Fair point- and the bus is different how?
     
  11. Scintillant

    Scintillant Star commenter

    Andrew Marr Show:

    Dyson - “so many opportunities for UK manufacturing in the UK: a renaissance!”

    Marr - “will you build your new electric car here then?”

    Dyson - “eh, no”

    These people are so funny. Until you remember how serious it all is.
     
    Nanook_rubs_it likes this.
  12. dumpty

    dumpty Lead commenter

    I think the bus message is now one of the last outlets of anger for a decreasing group of reversers. If they can indeed get it to be read as a promise (and the Independent now runs headlines using that word) then they feel they have some kind of moral high ground.

    But what saddens me is the necessity of this. It has been done to death and even if it did say 'promise, in fact with bells on' it is all over now. Both sides had their fight and both sides performed miserably.

    What I find ironic is both campaigns were aimed at the lowest common denominator and now most after the event debates are, too.

    I am sure some people did read it as a promise. I most certainly did not and I know many who did not.

    I am sure some people believed the threats (promises??? :p) of overnight recessions and thousands more in income tax, too. I most certainly did not and I know many who did not.

    I am sure some people read 'I will deal with it' (historic student debt) as a promise to deal with historic student debt. I most certainly did and I know many who did and do - but hey, Labour want to work it that we who think that clearly got it wrong.

    Sound familiar?

    It's politics. Cynical and aimed at the lowest. And ALL parties do it.

    We should not however join in with that and presume everyone obviously read the bus message as a clear promise and/or only voted leave because of it.

    They did not. You know it, I know it.

    Let's deal with it.....
     
    wanet and florian gassmann like this.
  13. florian gassmann

    florian gassmann Star commenter

    But what is the point? It changes nothing and it could be that a future government might decide to spend money that would have gone to the EU on the NHS instead. It is pointless speculating at this stage as the time when it may be possible is still many years away.

    One thing I would say is that the only people I've ever heard claim it was a promise are remainers who, when I express sympathy and say how sorry I am that they were misled, immediately say THEY never thought it was a promise - it was only the little people, the underlings, the ones they love to look down, who thought it was a promise.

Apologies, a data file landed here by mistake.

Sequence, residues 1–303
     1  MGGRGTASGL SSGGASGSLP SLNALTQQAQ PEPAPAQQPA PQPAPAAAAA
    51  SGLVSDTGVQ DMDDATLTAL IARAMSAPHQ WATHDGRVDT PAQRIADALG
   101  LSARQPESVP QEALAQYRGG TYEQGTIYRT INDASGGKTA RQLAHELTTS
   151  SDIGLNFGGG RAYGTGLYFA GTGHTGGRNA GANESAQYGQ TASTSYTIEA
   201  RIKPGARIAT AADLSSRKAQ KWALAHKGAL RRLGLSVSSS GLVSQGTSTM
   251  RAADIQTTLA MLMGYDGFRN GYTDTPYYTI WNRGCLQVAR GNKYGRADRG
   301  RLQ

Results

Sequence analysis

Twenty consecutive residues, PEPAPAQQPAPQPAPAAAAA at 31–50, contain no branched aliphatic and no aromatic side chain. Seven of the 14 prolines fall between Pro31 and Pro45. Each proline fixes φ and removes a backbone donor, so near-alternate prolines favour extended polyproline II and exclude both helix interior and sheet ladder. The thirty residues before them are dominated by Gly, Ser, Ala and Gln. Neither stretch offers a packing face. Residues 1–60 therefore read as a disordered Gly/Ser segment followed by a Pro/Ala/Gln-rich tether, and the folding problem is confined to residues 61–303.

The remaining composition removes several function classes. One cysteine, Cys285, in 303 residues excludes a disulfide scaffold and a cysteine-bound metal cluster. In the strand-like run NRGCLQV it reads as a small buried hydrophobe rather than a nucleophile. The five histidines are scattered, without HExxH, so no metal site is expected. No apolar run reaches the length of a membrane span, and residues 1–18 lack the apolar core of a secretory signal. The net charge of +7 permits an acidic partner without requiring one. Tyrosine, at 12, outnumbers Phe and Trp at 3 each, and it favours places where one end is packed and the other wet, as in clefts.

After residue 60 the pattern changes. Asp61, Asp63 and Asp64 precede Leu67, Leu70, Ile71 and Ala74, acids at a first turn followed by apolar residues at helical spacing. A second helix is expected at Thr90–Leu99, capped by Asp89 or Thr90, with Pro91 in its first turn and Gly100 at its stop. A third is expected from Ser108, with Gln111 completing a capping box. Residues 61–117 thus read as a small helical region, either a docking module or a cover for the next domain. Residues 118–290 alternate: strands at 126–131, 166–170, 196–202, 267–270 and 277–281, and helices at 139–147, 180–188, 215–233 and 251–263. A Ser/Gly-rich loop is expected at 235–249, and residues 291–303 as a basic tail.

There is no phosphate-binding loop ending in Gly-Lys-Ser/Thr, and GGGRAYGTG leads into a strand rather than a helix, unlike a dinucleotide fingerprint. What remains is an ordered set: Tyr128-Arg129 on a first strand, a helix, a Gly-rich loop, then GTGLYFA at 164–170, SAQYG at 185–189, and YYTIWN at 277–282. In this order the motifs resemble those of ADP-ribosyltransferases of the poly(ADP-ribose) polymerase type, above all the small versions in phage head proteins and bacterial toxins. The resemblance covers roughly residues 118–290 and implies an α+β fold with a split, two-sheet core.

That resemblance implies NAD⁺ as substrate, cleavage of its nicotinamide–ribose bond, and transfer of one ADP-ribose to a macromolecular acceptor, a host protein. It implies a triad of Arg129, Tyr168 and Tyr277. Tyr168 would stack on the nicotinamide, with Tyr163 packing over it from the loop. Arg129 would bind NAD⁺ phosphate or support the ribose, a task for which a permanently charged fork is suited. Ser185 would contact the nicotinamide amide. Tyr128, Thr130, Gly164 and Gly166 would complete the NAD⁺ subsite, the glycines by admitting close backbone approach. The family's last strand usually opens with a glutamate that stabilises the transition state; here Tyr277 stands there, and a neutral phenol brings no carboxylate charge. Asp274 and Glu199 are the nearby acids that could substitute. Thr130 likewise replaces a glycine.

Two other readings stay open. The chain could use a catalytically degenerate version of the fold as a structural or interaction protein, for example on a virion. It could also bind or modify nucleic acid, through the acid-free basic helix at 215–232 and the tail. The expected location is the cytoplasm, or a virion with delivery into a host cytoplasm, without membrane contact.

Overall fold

14. lexus300

    lexus300 Star commenter

    Already been over this, best effort ? Inadequate.
     
  15. Burndenpark

    Burndenpark Star commenter

    I think that's a generous assessment- TBH I don't think you're really trying.

    It really is not complicated- if you make a prediction for some point in the future the prediction can be proved right or wrong, and that can't be known until the date arrives- it is not a lie though.
    Many of the things you have been calling lies are predictions that haven't even reached their due dates, which means you have no way of knowing yet if they were accurate or not.
     
  16. Didactylos4

    Didactylos4 Star commenter

    Really?
     
  17. florian gassmann

    florian gassmann Star commenter

    Yep. More frequently, though, I hear people express the opinion that it would be good for the NHS to have more money, should it become available.
     
  18. racroesus

    racroesus Star commenter

    And fewer care about Northern Ireland. RoI refuses a hard border and GB says you can have NI. We would see all the democrats come out then.
     
  19. racroesus

    racroesus Star commenter

    A hard border. There has to be one at British ports such as the Tunnel. If there is a border poll in favour of a united Ireland then the hard border moves to Stranraer from Newry.
    There will be no violence because the people don't want it and dissidents would only be bombing Customs posts rather than houses and cars. Gerry won't call for arms since there have to be customs checks on exports to non-EU countries. There won't even be surveillance towers since there is no IRA insurgency.
     
  20. lexus300

    lexus300 Star commenter

    Sometimes you make me smile:) not very often mind:p
     
    Burndenpark likes this.